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The World’s Oldest Koi Fish Died At 226 Years Old

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  • The average life span of a scarlet-colored koi carp is around 40 years old.
  • Born in 1751 in the middle of the Tokugawa era in Japan, Hanako became a story of great interest when her last owner Dr. Komei Koshihara spoke nationally over Nippon Hoso Kyokai radio station in 1966.
  • The age of the fish can be determined by counting the rings of growth on its scales. Two of Hanako’s scales had been extracted and analyzed for two months.

Hanako is believed to be the oldest living koi fish ever – she managed to reach an astounding 226 years before she died in 1977. The average life span of a scarlet-colored koi carp is around 40 years old.

Born in 1751 in the middle of the Tokugawa era in Japan, Hanako became a story of great interest when her last owner Dr. Komei Koshihara spoke nationally over Nippon Hoso Kyokai radio station in 1966. He revealed that Hanako’s age was verified by professor Masayoshi Hiro, who was working at the Laboratory of Animal Science of the Nagoya Women’s College.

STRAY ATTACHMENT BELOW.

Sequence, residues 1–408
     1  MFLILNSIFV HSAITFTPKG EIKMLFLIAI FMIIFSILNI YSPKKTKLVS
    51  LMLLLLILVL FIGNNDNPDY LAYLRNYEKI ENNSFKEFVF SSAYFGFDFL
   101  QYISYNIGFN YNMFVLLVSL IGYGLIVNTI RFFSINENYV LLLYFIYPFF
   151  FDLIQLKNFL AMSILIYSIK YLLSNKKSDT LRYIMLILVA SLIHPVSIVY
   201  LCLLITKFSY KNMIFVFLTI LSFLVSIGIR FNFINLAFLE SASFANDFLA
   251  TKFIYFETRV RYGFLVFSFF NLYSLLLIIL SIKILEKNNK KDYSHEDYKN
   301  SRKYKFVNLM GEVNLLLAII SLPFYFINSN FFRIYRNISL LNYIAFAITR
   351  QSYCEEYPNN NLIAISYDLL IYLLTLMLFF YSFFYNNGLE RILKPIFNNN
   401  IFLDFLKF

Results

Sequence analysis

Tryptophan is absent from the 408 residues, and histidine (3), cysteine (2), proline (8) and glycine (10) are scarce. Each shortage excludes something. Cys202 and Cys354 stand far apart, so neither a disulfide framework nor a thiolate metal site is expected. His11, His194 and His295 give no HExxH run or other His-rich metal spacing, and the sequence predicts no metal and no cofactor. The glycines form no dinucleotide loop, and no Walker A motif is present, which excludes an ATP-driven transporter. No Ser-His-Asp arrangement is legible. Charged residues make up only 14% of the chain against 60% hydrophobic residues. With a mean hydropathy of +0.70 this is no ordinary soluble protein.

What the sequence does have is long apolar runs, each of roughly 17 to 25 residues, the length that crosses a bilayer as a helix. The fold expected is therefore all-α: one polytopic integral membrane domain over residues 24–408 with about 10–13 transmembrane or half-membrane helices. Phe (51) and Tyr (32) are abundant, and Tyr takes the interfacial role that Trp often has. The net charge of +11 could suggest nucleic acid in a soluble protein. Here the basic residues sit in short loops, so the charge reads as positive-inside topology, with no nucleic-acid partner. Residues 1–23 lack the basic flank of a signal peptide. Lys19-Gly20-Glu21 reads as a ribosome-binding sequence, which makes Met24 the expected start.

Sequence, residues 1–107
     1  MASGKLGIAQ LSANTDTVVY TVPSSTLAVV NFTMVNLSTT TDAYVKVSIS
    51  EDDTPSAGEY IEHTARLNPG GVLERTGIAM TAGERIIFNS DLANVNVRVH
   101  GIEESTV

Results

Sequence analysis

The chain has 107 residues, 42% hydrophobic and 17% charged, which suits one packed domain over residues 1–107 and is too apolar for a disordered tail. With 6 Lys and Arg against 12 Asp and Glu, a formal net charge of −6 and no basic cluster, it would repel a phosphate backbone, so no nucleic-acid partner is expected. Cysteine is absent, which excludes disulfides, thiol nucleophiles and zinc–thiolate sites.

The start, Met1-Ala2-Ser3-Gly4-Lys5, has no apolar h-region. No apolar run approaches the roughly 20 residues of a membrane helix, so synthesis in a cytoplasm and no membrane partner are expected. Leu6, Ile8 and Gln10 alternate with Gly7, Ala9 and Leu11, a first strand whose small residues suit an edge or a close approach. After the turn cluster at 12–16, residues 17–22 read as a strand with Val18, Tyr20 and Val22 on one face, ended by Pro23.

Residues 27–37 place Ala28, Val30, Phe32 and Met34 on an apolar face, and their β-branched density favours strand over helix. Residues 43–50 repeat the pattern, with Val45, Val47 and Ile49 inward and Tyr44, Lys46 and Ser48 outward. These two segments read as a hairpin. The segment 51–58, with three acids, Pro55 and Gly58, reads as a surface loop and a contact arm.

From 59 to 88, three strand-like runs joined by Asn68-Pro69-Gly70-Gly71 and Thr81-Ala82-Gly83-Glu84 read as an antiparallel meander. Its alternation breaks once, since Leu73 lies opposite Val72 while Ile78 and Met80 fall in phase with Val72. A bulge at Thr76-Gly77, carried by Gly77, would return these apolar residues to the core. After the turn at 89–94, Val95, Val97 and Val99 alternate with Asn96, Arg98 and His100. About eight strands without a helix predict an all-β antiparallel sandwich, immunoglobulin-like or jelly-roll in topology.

The age of the fish can be determined by counting the rings of growth on its scales. Two of Hanako’s scales had been extracted and analyzed for two months.

Koshihara said that the fish was “still in perfect condition and swimming about majestically in a quiet ravine descending Mt. Ontake in a short distance.”

“She weighs 7.5 kilograms and is 70 centimeters in length.”

He revealed during the broadcast that he and Hanako are dearest friends and will come swimming to his feet when he calls her name. The fish also looked “quite delighted” whenever he pats her lightly on the head. He said he also takes her out of the water and embrace her.

Koshihara explained that telling the age of the fish requires “the aid of a specialist” and a “microscope”.

“As a tree trunk has its annual rings, so a fish has its annual rings on its scales, and we only have to count them to know the age of a fish,” he said.

Although he was hesitant to take a scale off Hanako’s body, he did it anyway to know her age. Using a strong tweezer, he pulled out two scales from different parts of her body and gave them to Professor Hiro to examine.

He explained how the fish came into his possession.

“My grandmother on the maternal side […] is said to have been told by her mother-in-law, ‘When I was married into this family, my mother-in-law said to me, “That carp has been handed down to us from olden times; you must take good care of it.”

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